Bryan Larish, chief IT and networks architect at Verizon, took a different approach: “If I could go back in time, what I would have told myself?”
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He’s worked on cloud transitions before, both at Verizon and at a previous job. (His LinkedIn profile lists an undisclosed government agency as his previous employer). Having joined Verizon early this year, he’s been part of the team implementing the carrier’s software-defined networking (SDN) and network functions virtualization (NFV) plans.
Those plans have involved the use of the cloud and the implementation of leaf/spine networks, as is usually the case. What Larish wanted to share, though, were the implications this has on the company’s operations. Knowing what he knows now, he had many recommendations for his past self. Here are a few highlights.
Larish referred to this as “preparing the runway.” NFV and the cloud demand some changes in the way a carrier operates, but the new stuff isn’t that far removed from what they were doing before, he contended.
The message to convey to operations is: “We’re trying to make things better. It’s going to look a little different, but it’s not that bad,” he said.
Sometimes, people are the biggest obstacle to something new — as Columbia Sportswear learned in its software-defined adventure, described earlier in the conference. But in a big company, processes aren’t exactly easy to change, either.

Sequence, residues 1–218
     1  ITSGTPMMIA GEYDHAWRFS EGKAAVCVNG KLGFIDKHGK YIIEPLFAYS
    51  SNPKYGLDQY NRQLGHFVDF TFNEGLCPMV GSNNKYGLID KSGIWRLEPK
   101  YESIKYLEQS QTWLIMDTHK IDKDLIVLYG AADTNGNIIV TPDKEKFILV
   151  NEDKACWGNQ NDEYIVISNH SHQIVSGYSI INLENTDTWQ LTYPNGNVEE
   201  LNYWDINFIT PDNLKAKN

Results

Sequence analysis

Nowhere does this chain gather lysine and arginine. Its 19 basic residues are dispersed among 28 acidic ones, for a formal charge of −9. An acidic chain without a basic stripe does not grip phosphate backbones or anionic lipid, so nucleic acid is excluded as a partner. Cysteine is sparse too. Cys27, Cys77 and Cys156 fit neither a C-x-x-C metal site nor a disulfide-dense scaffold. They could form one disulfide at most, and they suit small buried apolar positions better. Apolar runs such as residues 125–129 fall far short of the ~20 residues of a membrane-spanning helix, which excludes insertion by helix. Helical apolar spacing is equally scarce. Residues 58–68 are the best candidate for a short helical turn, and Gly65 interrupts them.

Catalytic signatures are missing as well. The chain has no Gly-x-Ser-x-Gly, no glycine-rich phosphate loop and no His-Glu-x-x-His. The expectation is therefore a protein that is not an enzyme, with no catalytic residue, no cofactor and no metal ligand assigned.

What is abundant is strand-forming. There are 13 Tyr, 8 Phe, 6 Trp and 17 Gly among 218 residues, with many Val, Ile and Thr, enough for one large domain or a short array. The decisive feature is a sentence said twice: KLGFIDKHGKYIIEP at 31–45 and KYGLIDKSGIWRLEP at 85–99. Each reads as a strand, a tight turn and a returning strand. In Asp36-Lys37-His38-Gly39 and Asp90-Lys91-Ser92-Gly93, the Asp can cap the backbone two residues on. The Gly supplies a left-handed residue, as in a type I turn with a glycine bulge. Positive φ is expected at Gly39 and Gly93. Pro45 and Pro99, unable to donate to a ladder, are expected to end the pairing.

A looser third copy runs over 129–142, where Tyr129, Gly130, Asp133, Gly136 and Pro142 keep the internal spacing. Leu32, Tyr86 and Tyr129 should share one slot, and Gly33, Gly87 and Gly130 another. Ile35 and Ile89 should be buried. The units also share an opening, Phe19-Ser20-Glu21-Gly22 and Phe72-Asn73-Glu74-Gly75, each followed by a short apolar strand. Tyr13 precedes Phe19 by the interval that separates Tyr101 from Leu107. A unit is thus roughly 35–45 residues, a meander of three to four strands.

Take the concept of servers. A business like Verizon has an “entire machinery” of processes for buying servers. But that’s not the right kind of thinking when you’re moving to a virtualized world.
“When you’re talking about combining everything onto the same physical set of hardware, at that scale you have to start thinking about racks,” Larish said.
The concept of reliability — crucial to any telecom carrier — needs revisiting as well. Verizon didn’t realize this at first.
“As you talk through this reliability issue, you need to get the focus off of hardware and onto the software,” Larish said.
Having two or three of every box isn’t as important as it was in the old telco days, he noted. Neither is capacity — in fact, one benefit of moving to an OpenStack model is that it’s OK to over-provision the hardware, he said. This is new thinking for a telco.
And then there’s everybody’s favorite bureaucratic game: Who owns this? A virtual switch is a networking function, but in real life, it’s a server. Eventually, something is going to go wrong, and “you have some interesting conversations about who actually owns that,” Larish said. “These kinds of things have to be planned out in advance.”
The term “layers of abstraction” comes up a lot in networking these days. Often, it involves hiding a technology’s complexity from users — so they can use APIs to “program” a device, rather than actually knowing how to program it, for instance.
But “the abstractions, as they exist today, don’t necessarily talk to each other well when it comes to troubleshooting,” Larish said.
This is a case where Verizon learned the lesson early and took action. Specifically, its SDN choices involved using the same vendor for physical and virtual networks, to avoid having the technologies separated into “information silos,” as Larish put it.
Another lesson: Use metering technologies, because “everybody asks for more than they need,” Larish said. It’s not always disingenuous, either; sometimes users don’t have a good guess as to how much of a resource they really need. Usage data can help make their requests more realistic.